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Electrocardiogram abnormalities and cardiovascular mortality in elderly patients with CKD.
Clin J Am Soc Nephrol. 2012 Jun; 7(6):949-56.CJ

Abstract

BACKGROUND AND OBJECTIVES

Cardiovascular disease is the most common cause of death in CKD. This study evaluated whether electrocardiogram (ECG) abnormalities are predictors of cardiovascular death in CKD.

DESIGN, SETTING, PARTICIPANTS, & MEASUREMENTS

The Cardiovascular Health Study limited database (1989-2005) was used to identify a cohort with CKD at baseline (estimated GFR < 60 mL/min per 1.73 m(2)). The patients were categorized as having major, minor, or no ECG abnormalities. Rates of adjudicated cardiovascular events and mortality were compared among the groups using proportional hazards regression models.

RESULTS

A total of 1192 participants had CKD at baseline; mean age ± SD was 74.7±6.2 years. Of these patients, 452 (38.8%) had major, 346 (29.7%) had minor, and 367 (31.5%) had no ECG abnormalities. Participants with estimated GFR < 60 mL/min per 1.73 m(2) were more likely to have ECG abnormalities at baseline (adjusted prevalence odds ratio, 1.23 [95% confidence interval (CI), 1.06-1.43]) than those with GFR ≥ 60 mL/min per 1.73 m(2). During mean follow-up of 10.3±3.8 years, 814 (68.3%) participants died. Compared with participants without ECG abnormalities, participants with major abnormalities had the highest risk for cardiovascular events and death; adjusted hazard ratios were 2.15 (95% CI, 1.56-2.98) and 2.27 (95% CI, 1.56-3.30), respectively. For minor ECG abnormalities, hazard ratios were 1.24 (95% CI, 0.91-1.70) and 1.48 (95% CI, 1.00-2.18), respectively.

CONCLUSIONS

In patients with CKD, major ECG abnormalities are frequently present and predict a significantly higher risk for death and adverse cardiovascular outcomes.

Authors+Show Affiliations

Division of Nephrology and Hypertension, Case Western Reserve University, Cleveland, Ohio, USA. mirela.dobre@uhhospitals.orgNo affiliation info availableNo affiliation info availableNo affiliation info available

Pub Type(s)

Journal Article

Language

eng

PubMed ID

22461533

Citation

Dobre, Mirela, et al. "Electrocardiogram Abnormalities and Cardiovascular Mortality in Elderly Patients With CKD." Clinical Journal of the American Society of Nephrology : CJASN, vol. 7, no. 6, 2012, pp. 949-56.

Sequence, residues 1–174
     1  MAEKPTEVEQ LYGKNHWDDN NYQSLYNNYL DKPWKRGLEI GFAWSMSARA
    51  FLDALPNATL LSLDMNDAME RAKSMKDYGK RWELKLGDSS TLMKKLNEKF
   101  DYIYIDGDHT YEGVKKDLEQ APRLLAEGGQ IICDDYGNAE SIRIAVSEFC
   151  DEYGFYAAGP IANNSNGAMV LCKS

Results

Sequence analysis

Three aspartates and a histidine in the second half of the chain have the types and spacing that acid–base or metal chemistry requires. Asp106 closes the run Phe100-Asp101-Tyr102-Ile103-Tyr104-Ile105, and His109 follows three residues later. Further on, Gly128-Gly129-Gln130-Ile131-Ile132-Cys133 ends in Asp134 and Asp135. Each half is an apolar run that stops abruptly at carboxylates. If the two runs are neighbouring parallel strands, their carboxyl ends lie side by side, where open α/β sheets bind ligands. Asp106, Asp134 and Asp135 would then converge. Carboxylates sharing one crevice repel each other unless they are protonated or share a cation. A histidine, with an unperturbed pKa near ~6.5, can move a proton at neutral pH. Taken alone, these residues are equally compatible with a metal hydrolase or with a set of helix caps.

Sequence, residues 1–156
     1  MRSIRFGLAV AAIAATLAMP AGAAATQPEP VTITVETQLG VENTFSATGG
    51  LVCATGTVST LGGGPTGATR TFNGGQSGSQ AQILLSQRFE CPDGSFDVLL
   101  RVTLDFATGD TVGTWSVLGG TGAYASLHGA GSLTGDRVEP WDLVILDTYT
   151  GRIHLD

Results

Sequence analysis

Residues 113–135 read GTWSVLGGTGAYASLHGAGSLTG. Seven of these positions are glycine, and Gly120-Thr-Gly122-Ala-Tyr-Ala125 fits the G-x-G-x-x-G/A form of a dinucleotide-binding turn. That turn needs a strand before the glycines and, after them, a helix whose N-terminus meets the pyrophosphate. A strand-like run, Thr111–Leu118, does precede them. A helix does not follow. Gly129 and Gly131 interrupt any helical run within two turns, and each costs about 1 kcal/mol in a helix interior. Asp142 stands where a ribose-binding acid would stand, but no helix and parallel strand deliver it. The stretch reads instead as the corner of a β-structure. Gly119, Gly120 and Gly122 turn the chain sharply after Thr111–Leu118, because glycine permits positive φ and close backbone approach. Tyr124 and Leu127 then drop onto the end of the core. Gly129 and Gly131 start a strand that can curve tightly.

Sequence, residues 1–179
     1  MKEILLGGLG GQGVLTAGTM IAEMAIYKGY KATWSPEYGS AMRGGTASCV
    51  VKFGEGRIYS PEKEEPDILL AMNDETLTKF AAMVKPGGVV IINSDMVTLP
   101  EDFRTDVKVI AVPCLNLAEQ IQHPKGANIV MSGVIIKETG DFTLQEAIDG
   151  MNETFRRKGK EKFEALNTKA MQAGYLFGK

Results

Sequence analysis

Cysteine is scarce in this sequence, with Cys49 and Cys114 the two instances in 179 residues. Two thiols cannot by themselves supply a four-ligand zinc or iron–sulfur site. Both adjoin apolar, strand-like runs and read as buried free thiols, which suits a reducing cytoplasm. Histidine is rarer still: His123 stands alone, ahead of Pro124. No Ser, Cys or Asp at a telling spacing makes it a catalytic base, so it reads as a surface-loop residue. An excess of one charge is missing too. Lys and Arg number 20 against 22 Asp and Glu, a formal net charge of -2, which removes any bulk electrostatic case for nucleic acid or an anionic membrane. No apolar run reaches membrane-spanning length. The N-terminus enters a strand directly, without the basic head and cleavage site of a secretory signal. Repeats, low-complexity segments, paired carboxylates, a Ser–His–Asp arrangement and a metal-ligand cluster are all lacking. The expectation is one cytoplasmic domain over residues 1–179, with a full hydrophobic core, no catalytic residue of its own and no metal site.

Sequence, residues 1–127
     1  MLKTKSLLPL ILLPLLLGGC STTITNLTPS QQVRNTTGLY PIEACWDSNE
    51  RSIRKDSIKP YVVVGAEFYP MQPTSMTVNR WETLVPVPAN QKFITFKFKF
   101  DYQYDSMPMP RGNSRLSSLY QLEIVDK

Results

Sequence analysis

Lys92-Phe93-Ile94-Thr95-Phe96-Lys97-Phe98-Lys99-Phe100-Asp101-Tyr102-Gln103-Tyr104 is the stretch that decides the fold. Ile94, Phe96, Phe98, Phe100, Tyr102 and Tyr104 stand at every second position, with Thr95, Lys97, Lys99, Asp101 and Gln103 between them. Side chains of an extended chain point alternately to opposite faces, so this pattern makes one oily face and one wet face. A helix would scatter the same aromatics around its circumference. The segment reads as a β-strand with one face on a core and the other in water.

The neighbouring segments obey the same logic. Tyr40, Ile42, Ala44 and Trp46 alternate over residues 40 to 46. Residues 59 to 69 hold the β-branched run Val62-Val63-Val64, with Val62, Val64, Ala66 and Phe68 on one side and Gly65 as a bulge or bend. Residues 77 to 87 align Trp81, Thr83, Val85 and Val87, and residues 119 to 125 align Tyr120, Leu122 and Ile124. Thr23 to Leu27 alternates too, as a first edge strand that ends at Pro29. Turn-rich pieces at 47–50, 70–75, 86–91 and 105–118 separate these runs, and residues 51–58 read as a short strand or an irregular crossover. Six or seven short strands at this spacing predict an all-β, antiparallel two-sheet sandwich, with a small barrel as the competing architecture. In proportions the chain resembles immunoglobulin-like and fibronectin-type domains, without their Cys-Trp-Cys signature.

Dobre M, Brateanu A, Rashidi A, et al. Electrocardiogram abnormalities and cardiovascular mortality in elderly patients with CKD. Clin J Am Soc Nephrol. 2012;7(6):949-56.
Dobre, M., Brateanu, A., Rashidi, A., & Rahman, M. (2012). Electrocardiogram abnormalities and cardiovascular mortality in elderly patients with CKD. Clinical Journal of the American Society of Nephrology : CJASN, 7(6), 949-56. https://doi.org/10.2215/CJN.07440711
Dobre M, et al. Electrocardiogram Abnormalities and Cardiovascular Mortality in Elderly Patients With CKD. Clin J Am Soc Nephrol. 2012;7(6):949-56. PubMed PMID: 22461533.
* Article titles in AMA citation format should be in sentence-case
TY - JOUR T1 - Electrocardiogram abnormalities and cardiovascular mortality in elderly patients with CKD. AU - Dobre,Mirela, AU - Brateanu,Andrei, AU - Rashidi,Arash, AU - Rahman,Mahboob, Y1 - 2012/03/29/ PY - 2012/3/31/entrez PY - 2012/3/31/pubmed PY - 2012/10/17/medline SP - 949 EP - 56 JF - Clinical journal of the American Society of Nephrology : CJASN JO - Clin J Am Soc Nephrol VL - 7 IS - 6 N2 - BACKGROUND AND OBJECTIVES: Cardiovascular disease is the most common cause of death in CKD. This study evaluated whether electrocardiogram (ECG) abnormalities are predictors of cardiovascular death in CKD. DESIGN, SETTING, PARTICIPANTS, & MEASUREMENTS: The Cardiovascular Health Study limited database (1989-2005) was used to identify a cohort with CKD at baseline (estimated GFR < 60 mL/min per 1.73 m(2)). The patients were categorized as having major, minor, or no ECG abnormalities. Rates of adjudicated cardiovascular events and mortality were compared among the groups using proportional hazards regression models. RESULTS: A total of 1192 participants had CKD at baseline; mean age ± SD was 74.7±6.2 years. Of these patients, 452 (38.8%) had major, 346 (29.7%) had minor, and 367 (31.5%) had no ECG abnormalities. Participants with estimated GFR < 60 mL/min per 1.73 m(2) were more likely to have ECG abnormalities at baseline (adjusted prevalence odds ratio, 1.23 [95% confidence interval (CI), 1.06-1.43]) than those with GFR ≥ 60 mL/min per 1.73 m(2). During mean follow-up of 10.3±3.8 years, 814 (68.3%) participants died. Compared with participants without ECG abnormalities, participants with major abnormalities had the highest risk for cardiovascular events and death; adjusted hazard ratios were 2.15 (95% CI, 1.56-2.98) and 2.27 (95% CI, 1.56-3.30), respectively. For minor ECG abnormalities, hazard ratios were 1.24 (95% CI, 0.91-1.70) and 1.48 (95% CI, 1.00-2.18), respectively. CONCLUSIONS: In patients with CKD, major ECG abnormalities are frequently present and predict a significantly higher risk for death and adverse cardiovascular outcomes. SN - 1555-905X UR - https://www.unboundmedicine.com/medline/citation/22461533/Electrocardiogram_abnormalities_and_cardiovascular_mortality_in_elderly_patients_with_CKD_ L2 - https://cjasn.asnjournals.org/cgi/pmidlookup?view=long&amp;pmid=22461533 DB - PRIME DP - Unbound Medicine ER -